Resettle IDPs through goat farming - ABU don
An expert in feed resources and ruminant nutrition in the Department of Animal Science, Ahmadu Bello University (ABU), Zaria, Dr. Suleiman M. Yashim, has called on government at all levels and other relevant stakeholders in the country to consider goat farming while resettling people displaced by insurgency in the North-east.
In an interview with Daily Trust at the weekend, Dr. Yashim said the call became necessary because of the prolific way the animals reproduce, saying goats are a class of animals that both women and children would find easy to tend.
The don noted that “if Nigerian government will be able to resettle Internally Displaced Persons giving each family two she and one he goats, it will empower them economically. They will restart their lives and it will help them cope with the trauma they have gone through.’’
Goat production provides ample opportunity for establishing cottage industries based on meat, milk and cheese including hides and skin, Dr. Yashim also said.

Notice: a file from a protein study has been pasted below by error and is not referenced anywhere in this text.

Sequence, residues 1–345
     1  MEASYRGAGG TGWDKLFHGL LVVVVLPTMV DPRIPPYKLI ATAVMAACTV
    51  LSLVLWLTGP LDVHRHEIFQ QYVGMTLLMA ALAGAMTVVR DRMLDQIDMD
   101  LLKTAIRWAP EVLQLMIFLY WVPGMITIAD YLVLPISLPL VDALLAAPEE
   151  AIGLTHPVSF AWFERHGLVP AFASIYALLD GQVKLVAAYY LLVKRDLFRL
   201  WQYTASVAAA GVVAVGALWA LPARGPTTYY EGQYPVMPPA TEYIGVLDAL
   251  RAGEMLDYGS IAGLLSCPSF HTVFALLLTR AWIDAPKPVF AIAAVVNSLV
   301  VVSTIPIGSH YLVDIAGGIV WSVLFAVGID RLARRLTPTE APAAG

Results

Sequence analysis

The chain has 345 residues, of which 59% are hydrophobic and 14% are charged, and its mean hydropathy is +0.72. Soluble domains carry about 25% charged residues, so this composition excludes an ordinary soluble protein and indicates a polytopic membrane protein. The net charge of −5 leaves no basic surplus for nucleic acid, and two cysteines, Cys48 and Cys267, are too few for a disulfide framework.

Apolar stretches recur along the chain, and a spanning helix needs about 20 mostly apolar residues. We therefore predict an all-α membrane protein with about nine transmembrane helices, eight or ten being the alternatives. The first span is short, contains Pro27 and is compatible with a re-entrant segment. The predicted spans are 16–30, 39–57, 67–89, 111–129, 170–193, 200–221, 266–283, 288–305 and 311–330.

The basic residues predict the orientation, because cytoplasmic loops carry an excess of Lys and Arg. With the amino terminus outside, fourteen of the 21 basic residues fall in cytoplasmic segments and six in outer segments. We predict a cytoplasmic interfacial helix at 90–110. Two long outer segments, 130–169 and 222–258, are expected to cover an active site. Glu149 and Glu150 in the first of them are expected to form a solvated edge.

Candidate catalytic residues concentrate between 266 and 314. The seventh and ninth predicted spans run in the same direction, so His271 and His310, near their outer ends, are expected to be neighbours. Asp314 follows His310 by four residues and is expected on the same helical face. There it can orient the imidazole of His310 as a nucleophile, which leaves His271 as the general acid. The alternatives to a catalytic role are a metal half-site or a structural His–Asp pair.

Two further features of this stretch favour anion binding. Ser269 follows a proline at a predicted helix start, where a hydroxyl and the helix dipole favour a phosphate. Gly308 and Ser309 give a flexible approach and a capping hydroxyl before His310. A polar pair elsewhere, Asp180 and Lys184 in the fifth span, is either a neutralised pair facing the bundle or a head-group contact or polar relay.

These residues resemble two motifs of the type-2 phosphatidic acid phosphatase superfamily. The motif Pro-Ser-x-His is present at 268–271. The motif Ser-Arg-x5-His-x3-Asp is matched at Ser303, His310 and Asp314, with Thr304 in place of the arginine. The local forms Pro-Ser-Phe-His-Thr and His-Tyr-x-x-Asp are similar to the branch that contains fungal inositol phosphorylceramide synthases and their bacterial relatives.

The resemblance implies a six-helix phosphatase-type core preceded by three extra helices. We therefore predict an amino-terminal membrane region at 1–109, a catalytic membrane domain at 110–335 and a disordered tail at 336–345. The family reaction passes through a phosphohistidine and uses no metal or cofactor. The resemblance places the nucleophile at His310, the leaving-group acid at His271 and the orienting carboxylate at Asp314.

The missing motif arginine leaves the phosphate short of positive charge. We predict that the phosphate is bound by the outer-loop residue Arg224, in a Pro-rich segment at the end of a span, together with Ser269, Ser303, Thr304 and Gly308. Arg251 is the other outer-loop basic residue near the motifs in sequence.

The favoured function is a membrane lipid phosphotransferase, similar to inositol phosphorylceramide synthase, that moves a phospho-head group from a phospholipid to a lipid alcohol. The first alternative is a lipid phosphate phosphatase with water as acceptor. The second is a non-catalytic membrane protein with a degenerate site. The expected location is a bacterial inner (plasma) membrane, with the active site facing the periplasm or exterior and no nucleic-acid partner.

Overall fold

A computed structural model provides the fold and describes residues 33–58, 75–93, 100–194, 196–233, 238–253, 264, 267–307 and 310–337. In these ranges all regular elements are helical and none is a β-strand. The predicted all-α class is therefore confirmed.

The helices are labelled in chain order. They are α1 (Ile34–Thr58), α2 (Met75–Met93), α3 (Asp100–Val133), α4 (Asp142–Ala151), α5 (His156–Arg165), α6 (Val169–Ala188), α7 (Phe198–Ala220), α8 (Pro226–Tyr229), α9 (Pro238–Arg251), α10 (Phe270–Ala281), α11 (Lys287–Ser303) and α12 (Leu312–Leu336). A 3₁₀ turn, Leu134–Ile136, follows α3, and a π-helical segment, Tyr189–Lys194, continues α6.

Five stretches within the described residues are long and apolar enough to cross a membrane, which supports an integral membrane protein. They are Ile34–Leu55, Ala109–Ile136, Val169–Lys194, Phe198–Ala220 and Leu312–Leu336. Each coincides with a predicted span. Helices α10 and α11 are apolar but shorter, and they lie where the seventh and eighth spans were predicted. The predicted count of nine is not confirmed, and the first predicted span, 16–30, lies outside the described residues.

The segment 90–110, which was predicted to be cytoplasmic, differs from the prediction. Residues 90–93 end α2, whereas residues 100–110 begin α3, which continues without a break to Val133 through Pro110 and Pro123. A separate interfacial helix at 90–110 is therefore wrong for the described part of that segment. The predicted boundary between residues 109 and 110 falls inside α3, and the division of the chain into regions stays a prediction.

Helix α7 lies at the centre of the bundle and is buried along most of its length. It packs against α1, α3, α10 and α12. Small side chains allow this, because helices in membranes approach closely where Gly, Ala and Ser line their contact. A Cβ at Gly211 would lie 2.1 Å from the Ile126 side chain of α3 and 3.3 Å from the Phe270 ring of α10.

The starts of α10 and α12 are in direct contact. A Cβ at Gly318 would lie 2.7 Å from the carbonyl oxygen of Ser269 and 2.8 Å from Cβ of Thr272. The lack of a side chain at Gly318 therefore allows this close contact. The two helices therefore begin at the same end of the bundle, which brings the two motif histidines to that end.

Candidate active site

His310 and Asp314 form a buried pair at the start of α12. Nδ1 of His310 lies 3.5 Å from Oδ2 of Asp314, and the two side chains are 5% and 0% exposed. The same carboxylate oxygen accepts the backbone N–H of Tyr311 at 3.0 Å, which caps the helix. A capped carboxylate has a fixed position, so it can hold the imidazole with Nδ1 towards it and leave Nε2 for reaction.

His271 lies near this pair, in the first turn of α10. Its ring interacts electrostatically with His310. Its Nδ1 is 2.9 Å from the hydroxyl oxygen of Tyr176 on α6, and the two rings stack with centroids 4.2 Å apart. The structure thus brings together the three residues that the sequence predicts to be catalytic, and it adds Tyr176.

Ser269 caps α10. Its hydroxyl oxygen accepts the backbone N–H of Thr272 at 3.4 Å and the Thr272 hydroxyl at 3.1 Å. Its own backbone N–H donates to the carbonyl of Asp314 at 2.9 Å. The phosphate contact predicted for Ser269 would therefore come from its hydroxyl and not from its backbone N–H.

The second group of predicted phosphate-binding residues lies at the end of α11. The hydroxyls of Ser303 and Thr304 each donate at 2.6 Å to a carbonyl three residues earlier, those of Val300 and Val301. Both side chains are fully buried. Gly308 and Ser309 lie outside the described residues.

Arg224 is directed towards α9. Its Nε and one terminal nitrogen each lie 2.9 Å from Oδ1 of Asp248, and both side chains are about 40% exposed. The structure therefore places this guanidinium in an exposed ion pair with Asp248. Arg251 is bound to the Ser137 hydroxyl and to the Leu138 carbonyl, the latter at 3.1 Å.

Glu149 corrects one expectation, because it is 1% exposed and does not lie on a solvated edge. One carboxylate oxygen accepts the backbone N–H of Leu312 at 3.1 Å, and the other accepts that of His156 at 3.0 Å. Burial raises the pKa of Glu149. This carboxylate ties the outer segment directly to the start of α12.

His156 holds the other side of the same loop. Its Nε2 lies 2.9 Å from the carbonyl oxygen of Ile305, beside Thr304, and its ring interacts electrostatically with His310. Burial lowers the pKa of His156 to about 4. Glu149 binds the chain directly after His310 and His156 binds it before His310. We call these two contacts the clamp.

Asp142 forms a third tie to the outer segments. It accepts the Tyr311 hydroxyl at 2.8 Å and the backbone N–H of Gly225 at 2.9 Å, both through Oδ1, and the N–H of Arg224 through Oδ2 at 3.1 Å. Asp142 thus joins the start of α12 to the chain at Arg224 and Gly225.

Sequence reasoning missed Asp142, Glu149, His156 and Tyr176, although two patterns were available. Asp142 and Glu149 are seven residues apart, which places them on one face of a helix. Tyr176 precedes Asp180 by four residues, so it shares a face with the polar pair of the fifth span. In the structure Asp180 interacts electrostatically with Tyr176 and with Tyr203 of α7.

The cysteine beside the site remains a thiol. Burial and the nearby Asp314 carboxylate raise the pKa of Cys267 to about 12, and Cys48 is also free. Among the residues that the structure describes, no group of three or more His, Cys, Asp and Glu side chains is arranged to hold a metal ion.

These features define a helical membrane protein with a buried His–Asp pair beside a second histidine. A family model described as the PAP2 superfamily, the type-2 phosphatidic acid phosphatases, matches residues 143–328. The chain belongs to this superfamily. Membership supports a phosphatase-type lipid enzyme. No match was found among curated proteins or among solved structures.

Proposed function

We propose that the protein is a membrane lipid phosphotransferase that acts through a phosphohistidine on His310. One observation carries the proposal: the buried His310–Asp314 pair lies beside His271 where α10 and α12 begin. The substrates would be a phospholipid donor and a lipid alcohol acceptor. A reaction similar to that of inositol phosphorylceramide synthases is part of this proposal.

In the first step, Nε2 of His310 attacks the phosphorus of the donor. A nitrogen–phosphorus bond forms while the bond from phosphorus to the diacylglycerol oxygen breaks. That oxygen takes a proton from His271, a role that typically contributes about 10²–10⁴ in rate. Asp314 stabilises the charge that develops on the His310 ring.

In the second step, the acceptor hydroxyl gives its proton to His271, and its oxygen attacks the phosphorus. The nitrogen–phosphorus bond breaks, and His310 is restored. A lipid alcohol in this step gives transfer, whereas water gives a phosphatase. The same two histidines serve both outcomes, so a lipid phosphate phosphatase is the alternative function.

“The Red Sokoto has very good leather that commands a high premium in the international market. All other goat skins are equally in demand,” he added. The leather, he said, is used to produce shoes, bags and other leather products.
The don explained that goats take about 12 to 18 months to reach maturity. They are weaned at about six months and the mother goat may immediately take in again. This is because goats are very productive and have high fecundity i.e. can produce twice a year compared to other ruminants, he further said.
Similarly, “goats are very agile and inquisitive and so they are generally better than other ruminants such as sheep and cattle in terms of resistance to diseases, except in terms of outbreak.”
In addition, goats eat a wide range of grasses, leaves, grains, vegetables, tubers among others. They forage freely and could possibly thrive on any edible material, making them the best form of farming the internally displaced people could be resettled with, Dr. Yashim added. Generally, goat meat is widely accepted across ethnic and religious affiliations. It has a relatively low fat content and does not trigger allergic reactions when consumed.
A goat farm in Abuja